• ||

    So far, so good, but as I see it...

    See it more carefully...

    13-1509. Willful failure to complete or carry an alien registration document...
    A. In addition to any violation of federal law, a person is guilty of willful failure to complete or carry an alien registration document if the person is in violation of 8 United States Code section 1304(e) or 1306(a).
    ...
    D. A person who is sentenced pursuant to this section is not eligible for suspension of sentence, probation, pardon, commutation of sentence, or release from confinement on any basis except as authorized by section 31-233, subsection A or B until the sentence imposed by the court has been served or the person is eligible for release pursuant to section 41-1604.07.
  • ||

    I am no lawyer, but it seems to me that US AG Holder hasn't a leg to stand on.

    By the way, since there's no Constitutional mandate for federal control over immigration, I don't believe the feds have a leg to stand on either.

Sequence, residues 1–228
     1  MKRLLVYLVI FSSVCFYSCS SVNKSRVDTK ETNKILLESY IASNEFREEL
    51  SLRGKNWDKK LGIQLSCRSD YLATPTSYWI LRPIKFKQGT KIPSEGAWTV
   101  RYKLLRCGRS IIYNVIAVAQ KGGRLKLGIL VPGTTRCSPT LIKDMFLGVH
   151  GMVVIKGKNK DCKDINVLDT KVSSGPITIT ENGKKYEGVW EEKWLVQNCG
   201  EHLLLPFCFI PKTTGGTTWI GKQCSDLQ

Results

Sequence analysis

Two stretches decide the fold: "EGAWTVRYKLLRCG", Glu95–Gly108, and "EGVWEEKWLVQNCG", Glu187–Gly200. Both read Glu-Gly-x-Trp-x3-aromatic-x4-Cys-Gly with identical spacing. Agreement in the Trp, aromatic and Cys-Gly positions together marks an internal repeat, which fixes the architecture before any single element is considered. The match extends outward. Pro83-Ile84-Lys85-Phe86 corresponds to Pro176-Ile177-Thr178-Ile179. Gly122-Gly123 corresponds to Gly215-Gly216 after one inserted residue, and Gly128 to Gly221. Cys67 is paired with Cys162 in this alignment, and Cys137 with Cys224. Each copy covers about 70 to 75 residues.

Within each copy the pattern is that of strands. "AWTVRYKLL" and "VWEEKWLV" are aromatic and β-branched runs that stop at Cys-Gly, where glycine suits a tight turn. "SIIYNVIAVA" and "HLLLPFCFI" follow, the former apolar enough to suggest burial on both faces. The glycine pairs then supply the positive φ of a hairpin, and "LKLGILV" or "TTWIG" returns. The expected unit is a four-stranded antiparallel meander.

• CE||

    EVERY police stop is technically an "arrest" -- that's what the word means. In a free country, the police don't stop you unless you're an imminent danger to someone, or with a valid warrant from a reputable court.

  • Karl||

    ...residents of this neighborhood of just eight blocks have endured 52,000 police stops, according to The New York Times. Statistically speaking, that's nearly one stop per resident per year

    That's quite a population density: 6500 people per block. Maybe, living out here in Los Angeles, I'm just not accustomed to the densely-packed urban lifestyle, but 6500 people per city block seems like a lot of people.

    How big are the blocks in Brownsville, Brooklyn?

    (Or did you mean "eight blocks on a side" = 64 blocks = 812.5 people per block? If so, why didn't you say so?)